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Greetings fellow Chan sleuths,
We are still trying to figure out how music cross pollinates from Universal Pictures to 20th Century Fox, from Sherlock Holmes to Charlie Chan and from London to Panama.
For your viewing and listening pleasure, compare the music at the end of "The Adventures of Sherlock Holmes"
There is a short excerpt here: https://www.youtube.com/watch?v=A3uDfIgUEC8
Listen to the music beginning at 1:58
THEN, check out "Charlie Chan in Panama"--the scene where Jimmy discovers Dr. Grosser's PLAGUE INFESTED RATS! Yikes!
The video is here: https://www.youtube.com/watch?v=iXCVTXgCO44
Start listening at 23:30
The orchestra in the Holmes film is better than the scrappy crew playing for Chan, but it's obvious that a) this is the same music and b) it is a different performance. The tempos are very different (faster vs slower), but it's the same music.
(The preceding two minutes of "Chan" music are bits and pieces of the Holmes music re-composed a bit.)
Somebody had to get the sheet music from Universal, decide it would work for Chan and put it into the score--however it was composed or compiled.
"Panama" credits Samuel Kaylin for "Musical Direction" and Wikipedia says he wrote music for Chan films. OK so far.
But IMDB says the composers for "Adventures of Sherlock Holmes" are Robert Russell Bennett (of "Victory at Sea" fame), David Buttolph, Cecil J. Mockridge, David Raskin, and Walter Sharf.
So: Somebody had to have plagiarized this music. There are other examples of more subtle "borrowings" in other Holmes/Chan films, but this is the clearest "theft."
This is the sort of thing that we're hoping a "film person" can help figure out. We musicians are perplexed...and intrigued.
Many thanks for any insights!
Very interesting. Like to hear more.
... but correction, please: "Adventures" is a fox movie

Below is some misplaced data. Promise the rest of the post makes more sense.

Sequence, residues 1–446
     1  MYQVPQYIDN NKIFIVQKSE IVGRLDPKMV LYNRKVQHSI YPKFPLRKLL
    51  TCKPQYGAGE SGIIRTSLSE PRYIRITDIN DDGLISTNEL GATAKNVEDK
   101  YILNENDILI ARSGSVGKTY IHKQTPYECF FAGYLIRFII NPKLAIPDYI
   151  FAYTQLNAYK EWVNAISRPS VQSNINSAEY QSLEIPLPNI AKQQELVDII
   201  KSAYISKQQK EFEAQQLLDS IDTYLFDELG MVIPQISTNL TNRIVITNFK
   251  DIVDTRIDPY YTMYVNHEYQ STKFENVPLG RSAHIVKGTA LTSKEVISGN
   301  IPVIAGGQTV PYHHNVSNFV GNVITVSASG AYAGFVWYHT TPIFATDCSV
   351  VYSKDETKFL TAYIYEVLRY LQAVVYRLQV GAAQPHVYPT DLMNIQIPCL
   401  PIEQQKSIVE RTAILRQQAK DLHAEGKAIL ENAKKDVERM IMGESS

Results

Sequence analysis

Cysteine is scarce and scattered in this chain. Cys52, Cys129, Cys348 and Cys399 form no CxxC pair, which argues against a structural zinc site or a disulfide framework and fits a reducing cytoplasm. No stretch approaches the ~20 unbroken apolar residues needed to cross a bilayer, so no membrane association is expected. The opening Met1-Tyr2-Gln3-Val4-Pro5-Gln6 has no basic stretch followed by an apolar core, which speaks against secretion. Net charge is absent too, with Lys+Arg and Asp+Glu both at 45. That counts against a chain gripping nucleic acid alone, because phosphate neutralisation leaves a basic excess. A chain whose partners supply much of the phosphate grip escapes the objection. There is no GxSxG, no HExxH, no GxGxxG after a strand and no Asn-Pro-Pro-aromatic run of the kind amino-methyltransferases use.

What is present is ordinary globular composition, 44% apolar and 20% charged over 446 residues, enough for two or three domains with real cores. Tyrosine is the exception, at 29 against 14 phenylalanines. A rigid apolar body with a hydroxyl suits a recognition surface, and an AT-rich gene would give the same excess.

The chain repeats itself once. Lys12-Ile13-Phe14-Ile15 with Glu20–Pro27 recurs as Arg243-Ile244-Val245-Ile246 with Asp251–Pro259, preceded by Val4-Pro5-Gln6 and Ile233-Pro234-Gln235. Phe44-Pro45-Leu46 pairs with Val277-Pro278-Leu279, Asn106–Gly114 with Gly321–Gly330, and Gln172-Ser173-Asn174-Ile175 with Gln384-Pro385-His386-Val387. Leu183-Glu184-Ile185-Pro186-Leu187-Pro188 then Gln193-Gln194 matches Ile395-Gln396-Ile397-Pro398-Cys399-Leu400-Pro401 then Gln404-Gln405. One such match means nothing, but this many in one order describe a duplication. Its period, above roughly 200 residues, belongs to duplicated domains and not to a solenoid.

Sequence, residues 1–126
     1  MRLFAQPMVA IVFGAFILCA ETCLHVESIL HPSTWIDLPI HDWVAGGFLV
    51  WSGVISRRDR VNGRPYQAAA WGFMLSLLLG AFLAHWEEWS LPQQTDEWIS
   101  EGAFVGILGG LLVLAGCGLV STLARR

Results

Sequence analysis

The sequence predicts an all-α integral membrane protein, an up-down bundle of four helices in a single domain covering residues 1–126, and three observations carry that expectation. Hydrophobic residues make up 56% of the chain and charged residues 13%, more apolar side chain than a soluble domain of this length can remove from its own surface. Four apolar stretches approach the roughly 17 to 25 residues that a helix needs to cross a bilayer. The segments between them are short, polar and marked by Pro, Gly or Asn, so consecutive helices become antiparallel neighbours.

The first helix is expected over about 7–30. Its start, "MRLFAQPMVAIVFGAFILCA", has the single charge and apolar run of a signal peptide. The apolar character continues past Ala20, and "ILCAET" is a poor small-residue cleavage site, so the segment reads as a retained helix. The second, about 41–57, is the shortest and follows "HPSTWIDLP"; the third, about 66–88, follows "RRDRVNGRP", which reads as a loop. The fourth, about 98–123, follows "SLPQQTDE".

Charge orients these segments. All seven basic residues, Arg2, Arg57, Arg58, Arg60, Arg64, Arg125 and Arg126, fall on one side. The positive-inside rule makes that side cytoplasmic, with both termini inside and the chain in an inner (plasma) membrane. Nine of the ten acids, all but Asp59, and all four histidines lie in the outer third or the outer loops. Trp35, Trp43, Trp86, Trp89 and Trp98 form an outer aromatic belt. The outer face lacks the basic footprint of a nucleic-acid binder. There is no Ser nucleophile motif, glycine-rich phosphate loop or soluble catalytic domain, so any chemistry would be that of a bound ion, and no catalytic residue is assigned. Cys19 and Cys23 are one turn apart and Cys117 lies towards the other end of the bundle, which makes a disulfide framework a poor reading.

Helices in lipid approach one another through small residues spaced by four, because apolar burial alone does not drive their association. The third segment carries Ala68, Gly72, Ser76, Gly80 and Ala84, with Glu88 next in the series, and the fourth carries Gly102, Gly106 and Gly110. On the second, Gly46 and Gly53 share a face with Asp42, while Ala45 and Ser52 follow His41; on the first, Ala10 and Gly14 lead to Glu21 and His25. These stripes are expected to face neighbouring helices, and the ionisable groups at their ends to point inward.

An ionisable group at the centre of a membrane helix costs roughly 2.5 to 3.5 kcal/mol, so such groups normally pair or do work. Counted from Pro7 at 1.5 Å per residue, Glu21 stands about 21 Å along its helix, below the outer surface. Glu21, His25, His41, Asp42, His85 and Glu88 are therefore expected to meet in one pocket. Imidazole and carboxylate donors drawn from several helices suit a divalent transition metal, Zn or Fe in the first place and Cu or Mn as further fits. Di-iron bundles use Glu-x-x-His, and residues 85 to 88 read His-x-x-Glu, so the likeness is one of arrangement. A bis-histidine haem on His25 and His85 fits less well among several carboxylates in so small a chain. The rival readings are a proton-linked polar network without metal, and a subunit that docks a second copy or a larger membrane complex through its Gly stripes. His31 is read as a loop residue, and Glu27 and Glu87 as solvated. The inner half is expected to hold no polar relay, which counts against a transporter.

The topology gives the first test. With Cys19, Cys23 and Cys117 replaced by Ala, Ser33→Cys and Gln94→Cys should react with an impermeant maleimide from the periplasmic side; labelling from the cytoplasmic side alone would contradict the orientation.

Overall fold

Yep. Both "Adventures of SH" and "Chan in Panama" are Fox movies--oops. But the question of "how did they put these movie scores together?" remains. Was this a matter of a "composer" recycling material when he wrote a new score for a Chan movie (like, say, John Williams wrote "Star Wars?"). Or were these movie scores compiled from a collection of per-existing and newly-composed things? If so, who did that and how did they do it?
Well, every studio had their "Music Directors" - and if there wasn't a budget for a new musical score for a particular film, the musical director - who was a composer himself, usually - could "cut and paste" music cues from other scores to weave into a "new" score. For years, I've tried to figure out where the music cues from THE DEVIL BAT (1941) came from. I've never heard them from any previous film, but it appears that David Chudnow had them in his music library of "cues." the sloppier way of doing this was to have a film music editor literally "cut and paste" music tracks together, but the best way - if you had a musical director - was to rework "cues" from older "library" scores and write them into a fairly seamless musical score.
When pressed for time, composers like Has Salter or Frank Skinner or Max Steiner or Erich Wolfgang Korngold might take small pieces from other earlier compositions and weave them into new scores. I suspect that they did this at Fox more often than we might realize! I've heard cues from CHANDU THE MAGICIAN used in CHARLIE CHAN IN EGYPT and THE GORILLA - for example!
Question on CHARLIE CHAN IN EGYPT - are those "reconstructed" main titles for the film? The music seems like a patch job - from the rarely heard "exit music" CHANDU THE MAGICIAN (which is sadly, NOT on the "official" version of the film on DVD - and I suspect - the Blu-Ray version). I've heard that the film was one of the first to make it to TV - was there a problem with the main titles on that film?
10,000 thanks for this. This is what we've always wondered about. Do you have any idea how long the "music director" had to do the cut-and-pasting? Days? Weeks? Months?
We can envision these folks keeping a notebook of "fight scene," "suspense," "diabolical chase," and whatnot so that they could cobble these together pretty quickly. But it would still be a huge job.
And...did the studios have copyists to write out the parts for the orchestra musicians?
It would be SO interesting to get interviews with these people.
Again, many thanks.